The Impact of the Current Regulatory Framework on Water Quality in Ireland

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Lecturer: Aisling O’Gorman
Waste Process Management
Lecturer: Aisling O’Gorman
Waste Process Management
08
Fall
08
Fall

Submission Date: 11/10/2012 Word Count: 2387 Submission Date: 11/10/2012 Word Count: 2387 The Impact of the Current Regulatory Framework on Water Quality in Ireland: Maria McShane

The Impact of the Current Regulatory Framework on Water Quality in Ireland: Maria McShane

Introduction

Based on the evaluation of various reports, papers, documents, regulations and legislation from numerous agencies, departments, directives and bodies it can be seen that although “on paper” major changes have been made so as to improve the quality of water in Ireland, realistically the amendments do not match up. This being that progress has been slow and minimal when compared to the reform of regulations and legislation and the introduction of the Water Framework Directive. Considering the key importance of water as a natural resource both to society and habitats alike it will be argued that although the intention is there to improve the quality of water in Ireland (and there have been some improvements) as an overall, actual major physical improvements to the water quality has yet to be seen.

Report

Firstly the Water Framework Directive will be examined to highlight its purpose, current status and goals for the future and how it fits into impacting Irelands water quality. The WFD was set up by the EU “in response to the increasing threat of pollution and the increasing demand from the public for cleaner rivers, lakes and beaches” (The Eu Water Framework Directive. [online] Available at: <http://www.wfdireland.ie/wfd.html>[Accessed on 08/10/12]). According to the Water Framework Directives’ website, their aims are to “protect/enhance all waters (surface, ground and coastal waters), achieve "good status" for all waters by December 2015, manage water bodies based on river basins (or catchments), involve the public and streamline legislation”1 (The Eu Water Framework Directive. [online] Available at: <http://www.wfdireland.ie/wfd.html>[Accessed on 08/10/12]).

In order to achieve these goals a timetable for implementation of the directive was created, starting from its transposition into Irish Legislation by the European Communities (Water Policy) Regulations 2003, (Statutory Instrument 722) on 22nd December 2003 (European Communities (Water Policy) Regulations 2003, (Statutory Instrument 722). (The Eu Water Framework Directive. [online] Available at: <http://www.wfdireland.ie/wfd.html>[Accessed on 08/10/12]). From the 22nd December 2003 to the 22nd June 2009 no Programmes of Measures were actually implemented in order to beneficially impact Irelands water quality by the WFD. Instead the WFD established (June 2004) and characterised (December 2004) Irelands River Basin Districts, submitted a National Summary Report on the characterisation of the RBDs to the European Commission (March 2005), developed classification systems for surface water and groundwater (June 2006), established and maintained appropriate Monitoring Programmes (June 2006), prepared and published a work programme and timetable for the production of River Basin Management Plans (RBMP) (June 2006), identified the significant water management issues in each river basin (June 2007), drafted RBMPs and allowed six months for written comment (June 2008), and finally established environmental objectives and final Programmes of Measures and developed RBMPs for implementation (June 2009), (Water Framework Directive, [2005]).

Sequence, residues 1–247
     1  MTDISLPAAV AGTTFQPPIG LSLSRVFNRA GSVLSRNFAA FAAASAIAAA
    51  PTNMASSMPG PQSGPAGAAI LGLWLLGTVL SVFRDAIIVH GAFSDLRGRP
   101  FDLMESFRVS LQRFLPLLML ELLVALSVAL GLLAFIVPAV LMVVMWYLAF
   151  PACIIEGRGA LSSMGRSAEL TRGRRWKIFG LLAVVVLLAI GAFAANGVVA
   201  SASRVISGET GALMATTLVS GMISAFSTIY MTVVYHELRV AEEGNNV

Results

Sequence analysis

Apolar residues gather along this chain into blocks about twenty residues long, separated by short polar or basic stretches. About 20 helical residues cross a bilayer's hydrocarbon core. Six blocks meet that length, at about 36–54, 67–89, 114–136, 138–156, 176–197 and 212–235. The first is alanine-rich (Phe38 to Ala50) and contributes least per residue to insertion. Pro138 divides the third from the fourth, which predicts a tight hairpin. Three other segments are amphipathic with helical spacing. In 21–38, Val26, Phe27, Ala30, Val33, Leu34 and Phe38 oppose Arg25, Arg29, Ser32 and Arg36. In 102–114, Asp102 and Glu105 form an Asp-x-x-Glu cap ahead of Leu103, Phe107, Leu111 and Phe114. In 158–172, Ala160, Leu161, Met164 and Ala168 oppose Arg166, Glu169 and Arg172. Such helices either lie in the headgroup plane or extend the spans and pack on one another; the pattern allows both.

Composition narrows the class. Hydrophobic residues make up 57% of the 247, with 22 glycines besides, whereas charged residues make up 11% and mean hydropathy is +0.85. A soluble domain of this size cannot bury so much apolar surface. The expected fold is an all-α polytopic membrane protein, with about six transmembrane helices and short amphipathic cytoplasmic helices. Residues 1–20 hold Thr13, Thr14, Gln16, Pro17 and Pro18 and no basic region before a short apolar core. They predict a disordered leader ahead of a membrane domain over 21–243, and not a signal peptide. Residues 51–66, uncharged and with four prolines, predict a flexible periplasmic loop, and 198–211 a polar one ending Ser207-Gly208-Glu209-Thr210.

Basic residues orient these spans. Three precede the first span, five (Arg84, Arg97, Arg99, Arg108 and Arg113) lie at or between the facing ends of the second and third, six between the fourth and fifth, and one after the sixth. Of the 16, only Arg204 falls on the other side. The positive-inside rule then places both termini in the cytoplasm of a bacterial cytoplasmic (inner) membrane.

Although this research and reporting is a vital function of improving Irelands water quality, the timeframe in which this has been done means that physical progress has been hindered.

The actual recovery progress made to Irelands water quality can be seen in...
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